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Re: delegation conflict, background
> At 4:53 PM 6/28/96 -0700, Kent Crispin wrote:
> >Bill, I sent a letter to Carl about this but didn't send it to the
> >list. Basically, isn't delegation just another right that can be
> >denied or allowed? That is, I as controller of some permission or
> >resource, can give you a certificate or whatever that 1) allows you
> >access and the right to delegate access, or 2) doesn't allow access
> >but allows delegation, or 3) allows access but not delegation. #2 is
> >sort of meaningless, because you could always turn around ang grant
> >yourself a certificate that allowed access. But the point is that
> >delegation is just another permission.
> It appears that way (and you are certainly right about #2). However, there
> are simple ways a user can delegate even a no-delegate certificate. The
> ones that always work are (1) share the secret key, and (2) build a proxy
> for the resource.
> Putting the right in, and obeying it in the "normal" processes is a simple
> matter of programming. The problem is that there are ways around it. If
> one decides to use no-delegate certificates, one must determine if the
> incentive to "cheat" so created is large enough to overcome the usefulness
> of the no-delegate certificate.
> My contention is that we will all be better off if everyone can delegate,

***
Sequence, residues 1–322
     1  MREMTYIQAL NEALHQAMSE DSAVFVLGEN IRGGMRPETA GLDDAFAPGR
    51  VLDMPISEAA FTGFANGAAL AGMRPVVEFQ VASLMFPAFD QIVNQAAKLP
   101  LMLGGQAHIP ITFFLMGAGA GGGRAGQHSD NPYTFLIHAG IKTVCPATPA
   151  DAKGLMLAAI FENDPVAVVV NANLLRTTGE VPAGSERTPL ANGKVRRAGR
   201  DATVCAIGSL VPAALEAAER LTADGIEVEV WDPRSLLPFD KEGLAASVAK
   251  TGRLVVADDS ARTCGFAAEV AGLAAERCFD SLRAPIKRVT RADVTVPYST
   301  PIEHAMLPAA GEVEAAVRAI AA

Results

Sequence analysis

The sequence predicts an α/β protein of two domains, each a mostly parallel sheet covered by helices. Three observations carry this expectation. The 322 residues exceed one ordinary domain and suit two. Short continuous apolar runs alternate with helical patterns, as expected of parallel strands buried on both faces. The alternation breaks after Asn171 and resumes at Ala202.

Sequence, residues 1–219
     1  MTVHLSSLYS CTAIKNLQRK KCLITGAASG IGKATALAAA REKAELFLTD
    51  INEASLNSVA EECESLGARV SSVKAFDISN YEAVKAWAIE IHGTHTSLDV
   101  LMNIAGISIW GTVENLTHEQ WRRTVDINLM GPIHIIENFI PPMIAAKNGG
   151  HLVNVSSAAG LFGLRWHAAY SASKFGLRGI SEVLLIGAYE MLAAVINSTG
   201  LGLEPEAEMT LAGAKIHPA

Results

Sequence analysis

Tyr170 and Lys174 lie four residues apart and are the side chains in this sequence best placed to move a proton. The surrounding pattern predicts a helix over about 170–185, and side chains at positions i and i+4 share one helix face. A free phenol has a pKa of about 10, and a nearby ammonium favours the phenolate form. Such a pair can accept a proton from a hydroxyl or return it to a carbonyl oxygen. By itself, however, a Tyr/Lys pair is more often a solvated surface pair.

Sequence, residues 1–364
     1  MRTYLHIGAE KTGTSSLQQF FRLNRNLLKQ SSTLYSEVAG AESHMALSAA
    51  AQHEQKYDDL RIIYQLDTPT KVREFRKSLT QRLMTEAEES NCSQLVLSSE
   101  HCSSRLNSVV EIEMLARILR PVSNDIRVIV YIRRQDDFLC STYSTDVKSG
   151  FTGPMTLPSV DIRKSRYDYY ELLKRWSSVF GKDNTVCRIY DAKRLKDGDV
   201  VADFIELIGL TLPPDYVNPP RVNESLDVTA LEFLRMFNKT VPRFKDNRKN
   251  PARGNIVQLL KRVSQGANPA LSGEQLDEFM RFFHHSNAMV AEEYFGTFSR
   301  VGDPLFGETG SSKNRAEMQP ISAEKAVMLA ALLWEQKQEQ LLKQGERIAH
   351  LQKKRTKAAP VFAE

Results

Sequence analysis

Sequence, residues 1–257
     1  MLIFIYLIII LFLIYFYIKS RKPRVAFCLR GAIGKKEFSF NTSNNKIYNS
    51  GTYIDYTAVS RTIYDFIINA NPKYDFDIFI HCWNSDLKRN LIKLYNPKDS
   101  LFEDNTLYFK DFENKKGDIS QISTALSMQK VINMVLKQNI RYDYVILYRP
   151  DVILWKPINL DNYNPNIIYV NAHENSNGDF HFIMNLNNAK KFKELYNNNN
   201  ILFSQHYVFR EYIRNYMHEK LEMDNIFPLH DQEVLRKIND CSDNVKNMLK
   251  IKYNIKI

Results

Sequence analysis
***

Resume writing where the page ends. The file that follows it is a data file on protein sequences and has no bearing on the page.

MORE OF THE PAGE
> but the final server can audit who we delegated to (via the public keys in
> the delegation certificates).
Hmm. I guess I think that the usefulness "delegatable" bit, if I may
use the term, should be evaluated on a per service or permission
basis. There are many realms where I agree, unrestrained delegation
might be meaningful and even useful. But I suspect there are realms
where unrestrained delegation would simply not be a good idea.
I am not convinced by your argument that a user can always get around
controls in a certificate by simply acting as someone else's agent.
In theory I could make a living buying booze for high school students
-- I have the permission, they don't, and I can't delegate my
permission to them. I can, however, just take their money, extract my
commission, and buy the booze for them. In practice I would not be
too inclined to do this. I would be even less inclined if every
transaction I made was recorded in a database somewhere...
> I know this twists around the normal view, but when you have complete
> control of your machine, you can do things that are much easier to prevent
> when you only have limited facilities in a traditional OS.
> Regards - Bill
Kent Crispin "No reason to get excited",
firstname.lastname@example.org the thief he kindly spoke...